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Global Developments in Public Infrastructure Procurement

Evaluating Public–Private Partnerships and Other Procurement Options

Darrin Grimsey and Mervyn K. Lewis

There is widespread acceptance of the importance of infrastructure, but less agreement about how it should be funded and procured. While most public infrastructure is still provided in-house or by traditional procurement methods – with well-researched strengths and weaknesses – the development of service concession arrangements has seen a greater emphasis on lifecycle costing, risk assessment and asset design as featured in a variety of public private partnership (PPP) delivery models. This book examines the various procurement approaches, and provides a framework for comparing their advantages and disadvantages. Drawing on international experience, it considers some of the best and worst examples of PPPs, and infrastructure projects generally, along with the lessons for improving infrastructure procurement processes.
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Chapter 3: The evolution of infrastructure services

Evaluating Public–Private Partnerships and Other Procurement Options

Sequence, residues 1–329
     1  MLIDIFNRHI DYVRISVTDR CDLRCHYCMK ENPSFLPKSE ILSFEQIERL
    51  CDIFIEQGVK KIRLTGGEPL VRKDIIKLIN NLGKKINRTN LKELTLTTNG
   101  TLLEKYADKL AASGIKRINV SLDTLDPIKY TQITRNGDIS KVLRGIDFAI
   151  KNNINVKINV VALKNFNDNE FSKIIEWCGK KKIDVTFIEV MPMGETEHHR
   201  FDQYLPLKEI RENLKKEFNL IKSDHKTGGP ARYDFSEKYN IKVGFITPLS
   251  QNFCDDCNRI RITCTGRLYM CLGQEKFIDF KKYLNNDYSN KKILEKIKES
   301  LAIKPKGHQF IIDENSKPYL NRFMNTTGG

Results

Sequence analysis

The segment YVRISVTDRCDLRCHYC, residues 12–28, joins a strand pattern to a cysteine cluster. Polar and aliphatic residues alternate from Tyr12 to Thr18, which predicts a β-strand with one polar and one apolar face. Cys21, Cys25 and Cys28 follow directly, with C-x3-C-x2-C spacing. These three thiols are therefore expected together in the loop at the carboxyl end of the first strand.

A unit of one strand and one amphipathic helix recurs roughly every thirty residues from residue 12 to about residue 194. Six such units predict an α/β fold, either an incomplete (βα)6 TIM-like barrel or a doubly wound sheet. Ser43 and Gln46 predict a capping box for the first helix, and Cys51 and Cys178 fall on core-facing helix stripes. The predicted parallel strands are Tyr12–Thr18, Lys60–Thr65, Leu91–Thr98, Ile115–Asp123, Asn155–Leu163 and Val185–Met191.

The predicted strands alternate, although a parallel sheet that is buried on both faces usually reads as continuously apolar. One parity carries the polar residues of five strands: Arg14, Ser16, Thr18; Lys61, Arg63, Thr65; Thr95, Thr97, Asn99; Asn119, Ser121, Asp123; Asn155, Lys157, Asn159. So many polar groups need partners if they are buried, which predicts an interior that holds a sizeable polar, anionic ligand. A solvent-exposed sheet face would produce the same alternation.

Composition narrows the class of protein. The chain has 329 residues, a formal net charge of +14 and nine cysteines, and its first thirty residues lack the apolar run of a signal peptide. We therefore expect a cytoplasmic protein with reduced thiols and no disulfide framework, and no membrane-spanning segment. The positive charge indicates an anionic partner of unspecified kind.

Darrin Grimsey and Mervyn K. Lewis

Extract

The story of the evolution of infrastructure is one of innovation. A distinction is often made between demand pull and science push in driving innovations. In the case of infrastructure, the contribution of science and technology seems obvious, for example, with the steam engine and railroads in the first industrial revolution, electricity and the internal combustion engine in the second, and the internet in the third. On the demand side, the development of infrastructure has been spurred by the growth of empires and the cities and markets they spawned. One only needs think of the infrastructure demands from the growth of Tokyo-Yokohama to 38 million or Shanghai to 24 million. In Ancient Rome, infrastructure was provided by the state. From around 1500, privately financed infrastructure began to play a role in the Spanish, Dutch and British overseas colonies, and domestically with canals, turnpikes, the railroad construction boom and the ‘Tube’. However, after World War II, state provisioning came to the fore. Developments since then have brought a revival of private activity in the oil and gas and mining sectors, communications, and public-private partnerships (PPP) roads and hospitals. There is also a revolution in infrastructure under way with digital disruption in the form of electronic tolling, route information services, Uber and driverless cars and trucks. All of these shape cities and transport networks, and are examined in detail.

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